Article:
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Figurative Meaning Construction: From Cognitive Operations to Thought and Culture

Ghsoon Reda
Published Online: 2016-12-30 | DOI: https://doi.org/10.1515/opli-2016-0033


This paper examines the construction of figurative language within the approach to metaphoric complexes provided by the Lexical Constructional Model (LCM). This approach specifies the ways in which metaphors or metaphors and metonymies operate together at different levels of meaning construction, forming metaphtonymies, metaphoric amalgams and metaphoric chains. The study introduces a pattern of metaphoric complexes that involves two different kinds of comparisons operating together: Comparison by resemblance and comparison by contrast. The observations obtained from the study are: i) metaphoric complexes can be more complex than indicated by the LCM approach to the phenomena and ii) the cognitive operations (or conceptual mappings) involved in the construction of complex figures do not simply underlie a plausible interpretation of such figures; they can also bear illocutionary force and thus affect thought and culture. The points are demonstrated by examining the above-mentioned pattern in some religious figures, analysing the effect the construction of such figures has had on readers’ beliefs and behaviour (i.e. thought and culture).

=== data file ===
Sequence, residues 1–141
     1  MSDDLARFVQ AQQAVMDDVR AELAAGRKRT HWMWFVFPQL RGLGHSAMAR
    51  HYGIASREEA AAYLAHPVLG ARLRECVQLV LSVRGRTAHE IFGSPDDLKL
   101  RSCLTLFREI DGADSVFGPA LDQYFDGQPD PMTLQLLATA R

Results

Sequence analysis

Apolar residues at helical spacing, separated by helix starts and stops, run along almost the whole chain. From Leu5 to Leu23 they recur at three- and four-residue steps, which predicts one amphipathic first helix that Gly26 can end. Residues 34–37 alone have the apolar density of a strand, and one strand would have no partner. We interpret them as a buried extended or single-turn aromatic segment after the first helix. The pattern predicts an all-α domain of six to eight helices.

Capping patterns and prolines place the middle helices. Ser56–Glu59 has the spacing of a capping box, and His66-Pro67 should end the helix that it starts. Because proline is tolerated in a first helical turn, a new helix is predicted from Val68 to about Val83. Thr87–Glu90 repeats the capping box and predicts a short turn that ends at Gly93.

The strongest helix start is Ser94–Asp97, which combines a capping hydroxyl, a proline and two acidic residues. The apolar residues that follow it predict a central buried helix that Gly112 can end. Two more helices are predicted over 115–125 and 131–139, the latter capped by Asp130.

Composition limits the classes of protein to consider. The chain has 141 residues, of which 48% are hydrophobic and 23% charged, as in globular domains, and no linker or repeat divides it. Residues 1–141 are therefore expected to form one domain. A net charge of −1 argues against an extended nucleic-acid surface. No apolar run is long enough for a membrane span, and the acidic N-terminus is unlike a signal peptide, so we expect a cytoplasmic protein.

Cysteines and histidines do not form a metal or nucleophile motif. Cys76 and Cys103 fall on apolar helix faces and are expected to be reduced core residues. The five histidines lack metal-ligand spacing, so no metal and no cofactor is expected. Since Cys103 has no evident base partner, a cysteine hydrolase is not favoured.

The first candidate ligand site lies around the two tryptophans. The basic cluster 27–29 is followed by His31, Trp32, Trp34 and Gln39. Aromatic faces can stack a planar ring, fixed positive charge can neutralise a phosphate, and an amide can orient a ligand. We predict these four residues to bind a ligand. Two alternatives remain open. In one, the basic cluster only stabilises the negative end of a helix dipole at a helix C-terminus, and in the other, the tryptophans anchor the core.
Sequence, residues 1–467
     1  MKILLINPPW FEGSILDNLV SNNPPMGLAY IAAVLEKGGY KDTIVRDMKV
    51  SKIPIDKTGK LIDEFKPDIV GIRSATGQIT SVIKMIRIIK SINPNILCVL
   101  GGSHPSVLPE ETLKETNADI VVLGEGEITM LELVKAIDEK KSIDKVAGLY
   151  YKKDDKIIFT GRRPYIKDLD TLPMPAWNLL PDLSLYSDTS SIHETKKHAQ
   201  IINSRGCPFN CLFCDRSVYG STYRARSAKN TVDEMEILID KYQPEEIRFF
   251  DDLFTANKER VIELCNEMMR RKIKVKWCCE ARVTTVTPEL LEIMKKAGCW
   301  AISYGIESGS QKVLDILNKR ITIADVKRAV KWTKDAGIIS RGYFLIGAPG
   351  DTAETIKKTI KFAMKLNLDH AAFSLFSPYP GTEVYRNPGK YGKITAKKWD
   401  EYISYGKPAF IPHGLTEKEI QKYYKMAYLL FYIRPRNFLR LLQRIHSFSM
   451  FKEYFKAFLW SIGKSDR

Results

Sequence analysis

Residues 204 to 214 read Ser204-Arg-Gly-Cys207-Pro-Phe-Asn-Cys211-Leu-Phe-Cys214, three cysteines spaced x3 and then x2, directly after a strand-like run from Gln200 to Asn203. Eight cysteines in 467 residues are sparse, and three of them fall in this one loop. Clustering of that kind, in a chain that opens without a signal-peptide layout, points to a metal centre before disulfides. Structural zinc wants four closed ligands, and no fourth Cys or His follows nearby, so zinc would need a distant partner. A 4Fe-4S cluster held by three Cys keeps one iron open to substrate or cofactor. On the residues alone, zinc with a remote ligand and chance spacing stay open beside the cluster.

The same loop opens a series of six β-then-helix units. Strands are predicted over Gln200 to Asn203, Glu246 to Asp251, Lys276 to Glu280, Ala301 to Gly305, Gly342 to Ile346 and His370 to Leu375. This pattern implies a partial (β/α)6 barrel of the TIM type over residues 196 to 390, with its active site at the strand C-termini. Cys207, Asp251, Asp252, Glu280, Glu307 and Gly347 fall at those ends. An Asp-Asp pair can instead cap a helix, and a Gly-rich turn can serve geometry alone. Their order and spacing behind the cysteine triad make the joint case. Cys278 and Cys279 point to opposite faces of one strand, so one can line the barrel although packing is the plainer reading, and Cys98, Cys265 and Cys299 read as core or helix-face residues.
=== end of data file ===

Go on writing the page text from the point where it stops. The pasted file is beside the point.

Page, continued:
Keywords: Lexical Constructional Model; metaphoric amalgams; metaphoric chains; metaphtonymy


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About the article

Received: 2016-05-11

Accepted: 2016-11-07

Published Online: 2016-12-30

Citation Information: Open Linguistics, Volume 2, Issue 1, ISSN (Online) 2300-9969, DOI: https://doi.org/10.1515/opli-2016-0033.

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© 2016 Ghsoon Reda. This work is licensed under the Creative Commons Attribution-NonCommercial-NoDerivatives 3.0 License. BY-NC-ND 3.0

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